During the month, DSV was the top performer after delivering strong 2022 results and a better 2023 outlook versus consensus expectations. The markets had priced in weaker macro data and falling freight rates. While that may be the case, DSV manages its cost base extremely efficiently and tends to manage conservatively. Despite the share price weakness throughout 2022, the company reported a 33% increase in gross profit for the year, with all businesses making positive contributions.

A number of the portfolio’s semiconductor exposed companies continued to perform well. BE Semiconductor reported strong order intake in the fourth quarter with orders worth €180 million versus a consensus of €130 million, up 39%. ASMi shares also continued to rise after good gains in the previous month. Within financials, a position in KBC was among the best performers as the sector benefited from strong results and buoyant prospects for earnings growth and returns on capital. Not holding Banco Santander and BBVA detracted from relative returns.

The main detractor was our holding in Chemometec after a series of disappointing half-year results, leading to lower full-year sales expectations. The cell therapy instrument maker saw orders fall, particularly in the North American market, which was impacted by subdued investment sentiment and resulting weaker demand from capital-sensitive developers. However, EBITDA has held up well, and the company has delivered an impressive margin of 63% and 57% over the past two quarters. While we do not believe the long-term opportunity has changed materially, the extent of the slowdown was unexpected and we remain in regular discussions with management.

Elsewhere, Adyen saw share price weakness after a rather cautious full-year forecast. This resulted in a downgrade in earnings expectations for this year, primarily due to increased spending plans as the company intends to increase spending on talent hiring, which we believe will drive future growth prospects and provide an attractive return on investment over time will offer.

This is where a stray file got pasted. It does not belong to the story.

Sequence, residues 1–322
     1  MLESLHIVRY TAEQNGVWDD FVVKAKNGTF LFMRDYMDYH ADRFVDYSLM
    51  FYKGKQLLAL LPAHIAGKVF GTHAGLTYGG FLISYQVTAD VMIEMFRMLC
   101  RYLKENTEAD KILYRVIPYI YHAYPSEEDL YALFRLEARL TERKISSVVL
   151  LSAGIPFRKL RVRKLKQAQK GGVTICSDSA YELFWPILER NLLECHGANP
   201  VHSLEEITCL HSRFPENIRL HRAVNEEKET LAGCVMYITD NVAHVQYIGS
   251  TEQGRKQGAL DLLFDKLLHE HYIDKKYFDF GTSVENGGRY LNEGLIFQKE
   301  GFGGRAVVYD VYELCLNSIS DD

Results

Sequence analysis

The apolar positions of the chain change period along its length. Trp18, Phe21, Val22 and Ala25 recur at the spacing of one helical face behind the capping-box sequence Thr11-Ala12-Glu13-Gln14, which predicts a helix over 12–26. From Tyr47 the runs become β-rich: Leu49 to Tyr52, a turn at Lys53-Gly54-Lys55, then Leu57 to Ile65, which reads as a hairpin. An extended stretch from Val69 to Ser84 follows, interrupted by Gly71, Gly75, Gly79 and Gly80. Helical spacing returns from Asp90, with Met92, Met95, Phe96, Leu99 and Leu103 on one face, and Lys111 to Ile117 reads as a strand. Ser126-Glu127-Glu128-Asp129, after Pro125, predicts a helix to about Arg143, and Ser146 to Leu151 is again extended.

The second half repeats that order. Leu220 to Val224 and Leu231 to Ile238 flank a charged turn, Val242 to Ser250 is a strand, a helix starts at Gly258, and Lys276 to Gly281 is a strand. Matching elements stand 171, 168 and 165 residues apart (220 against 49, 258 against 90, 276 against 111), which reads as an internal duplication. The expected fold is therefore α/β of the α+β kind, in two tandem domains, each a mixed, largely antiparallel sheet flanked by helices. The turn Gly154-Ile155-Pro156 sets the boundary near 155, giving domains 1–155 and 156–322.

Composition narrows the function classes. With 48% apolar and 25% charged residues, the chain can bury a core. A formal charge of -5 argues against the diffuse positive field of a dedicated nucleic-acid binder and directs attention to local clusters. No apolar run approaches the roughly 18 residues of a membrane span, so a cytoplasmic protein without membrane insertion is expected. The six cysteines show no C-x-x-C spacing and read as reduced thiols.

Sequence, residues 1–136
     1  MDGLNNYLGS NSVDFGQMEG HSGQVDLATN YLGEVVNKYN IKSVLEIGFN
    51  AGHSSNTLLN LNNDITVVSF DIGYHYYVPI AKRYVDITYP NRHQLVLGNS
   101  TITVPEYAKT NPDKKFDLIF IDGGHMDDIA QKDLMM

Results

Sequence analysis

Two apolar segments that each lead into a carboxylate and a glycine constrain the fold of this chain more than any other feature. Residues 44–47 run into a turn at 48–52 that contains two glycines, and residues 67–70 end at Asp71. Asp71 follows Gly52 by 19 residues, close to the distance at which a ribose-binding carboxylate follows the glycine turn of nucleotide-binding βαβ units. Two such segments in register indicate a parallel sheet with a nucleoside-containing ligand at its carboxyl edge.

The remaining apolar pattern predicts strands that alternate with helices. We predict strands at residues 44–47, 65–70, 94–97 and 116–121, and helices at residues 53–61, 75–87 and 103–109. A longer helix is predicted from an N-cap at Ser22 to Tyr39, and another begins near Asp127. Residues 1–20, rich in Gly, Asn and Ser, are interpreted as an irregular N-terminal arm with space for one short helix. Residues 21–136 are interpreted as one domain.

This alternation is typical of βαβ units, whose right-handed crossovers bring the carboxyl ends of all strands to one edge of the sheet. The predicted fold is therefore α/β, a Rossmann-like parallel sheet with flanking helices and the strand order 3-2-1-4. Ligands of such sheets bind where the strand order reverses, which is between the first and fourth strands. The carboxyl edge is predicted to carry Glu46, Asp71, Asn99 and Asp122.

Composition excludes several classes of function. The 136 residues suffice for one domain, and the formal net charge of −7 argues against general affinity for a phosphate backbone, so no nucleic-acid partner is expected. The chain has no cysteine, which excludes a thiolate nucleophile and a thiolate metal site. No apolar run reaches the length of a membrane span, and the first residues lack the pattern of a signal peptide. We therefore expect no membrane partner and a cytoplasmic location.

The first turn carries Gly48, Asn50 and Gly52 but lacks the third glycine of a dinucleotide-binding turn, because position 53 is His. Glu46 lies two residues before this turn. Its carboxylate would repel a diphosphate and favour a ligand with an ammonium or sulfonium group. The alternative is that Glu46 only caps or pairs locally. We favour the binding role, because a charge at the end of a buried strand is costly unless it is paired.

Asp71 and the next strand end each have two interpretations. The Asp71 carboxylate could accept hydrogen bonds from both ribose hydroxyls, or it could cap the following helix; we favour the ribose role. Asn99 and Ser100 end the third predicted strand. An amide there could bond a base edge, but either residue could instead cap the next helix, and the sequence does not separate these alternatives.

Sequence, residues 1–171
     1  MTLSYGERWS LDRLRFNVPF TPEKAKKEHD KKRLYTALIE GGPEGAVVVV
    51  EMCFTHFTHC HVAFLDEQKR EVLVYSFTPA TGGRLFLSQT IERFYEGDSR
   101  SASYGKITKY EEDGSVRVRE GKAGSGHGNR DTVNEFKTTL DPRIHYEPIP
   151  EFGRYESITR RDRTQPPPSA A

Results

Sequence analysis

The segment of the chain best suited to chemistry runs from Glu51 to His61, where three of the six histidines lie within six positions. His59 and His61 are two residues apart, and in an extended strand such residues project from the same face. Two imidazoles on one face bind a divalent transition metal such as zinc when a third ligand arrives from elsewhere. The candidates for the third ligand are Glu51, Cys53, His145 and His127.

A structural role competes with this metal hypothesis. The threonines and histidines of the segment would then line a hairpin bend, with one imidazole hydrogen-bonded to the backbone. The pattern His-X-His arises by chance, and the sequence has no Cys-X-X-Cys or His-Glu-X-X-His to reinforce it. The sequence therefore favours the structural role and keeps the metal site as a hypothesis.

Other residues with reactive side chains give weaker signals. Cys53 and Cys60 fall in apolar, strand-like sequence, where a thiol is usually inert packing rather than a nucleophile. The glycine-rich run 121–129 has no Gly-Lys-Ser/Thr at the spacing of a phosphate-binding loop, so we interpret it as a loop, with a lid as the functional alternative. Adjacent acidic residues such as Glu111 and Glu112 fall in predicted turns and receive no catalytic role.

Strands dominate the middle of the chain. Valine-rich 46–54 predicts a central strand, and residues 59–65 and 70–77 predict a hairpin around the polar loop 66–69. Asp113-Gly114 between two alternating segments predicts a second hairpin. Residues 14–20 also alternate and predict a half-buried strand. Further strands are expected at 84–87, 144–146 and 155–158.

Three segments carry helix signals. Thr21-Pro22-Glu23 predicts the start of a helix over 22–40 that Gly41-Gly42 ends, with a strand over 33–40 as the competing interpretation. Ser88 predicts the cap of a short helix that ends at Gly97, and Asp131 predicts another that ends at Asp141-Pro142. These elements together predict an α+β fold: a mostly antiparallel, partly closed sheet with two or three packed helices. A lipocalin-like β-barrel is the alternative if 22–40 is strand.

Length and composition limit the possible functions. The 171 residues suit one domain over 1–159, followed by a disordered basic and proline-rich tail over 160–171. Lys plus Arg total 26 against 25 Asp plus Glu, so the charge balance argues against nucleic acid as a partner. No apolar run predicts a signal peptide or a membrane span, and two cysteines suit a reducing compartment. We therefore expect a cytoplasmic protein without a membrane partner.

We expect equity markets to remain volatile in the near term as macro uncertainty remains high. Going forward, it will be important to see if inflation falls to a level that the market can handle. As energy prices have fallen there is reason to hope that this can be achieved. Clarity on the end rate of this rate hike cycle would likely be enough to shift attention back to corporate fundamentals – the ultimate driver of long-term stock returns.

The market is prescient and at some point will start contemplating what a recovery might look like. For now, European stocks remain underowned and valuations are low. Some areas of the market, particularly within the cyclical sectors, have suffered significant downgrades and signs of economic optimism such as easing inflation or a possible reopening of China could help close some of these valuation gaps.

While there are a number of unknowns from a macro perspective, we see opportunities for attractive returns in select areas.

Corporate balance sheets are in decent shape and in much better shape than in previous downturns. Many companies in Europe have spent the last decade deleveraging their balance sheets and interest coverage is significantly higher than during the global financial crisis or other previous periods associated with deep recessions or sustained bear markets. Corporate spending intentions also remain healthy, and that spending is often associated with transformational investments.

Finally, long-term structural trends and high tax spending via the Recovery Fund, the Green Deal and the REPowerEU plan in Europe can drive demand for years to come, for example in areas such as infrastructure, automation, innovation in pharmaceuticals and the shift to electric vehicles, digitization or decarbonization . We believe the portfolio is well aligned with many of these structural spending streams.

March 13, 2023


For updated information, enter www.blackrock.com/uk/brge on the web, “BLRKINDEX” on Reuters, “BLRK” on Bloomberg, or “8800” on Topic 3 (ICV terminal). Neither the content of the Manager’s website, nor the content of any website accessible via hyperlinks on the Manager’s website (or any other website), is incorporated into or constitutes a part of this notice.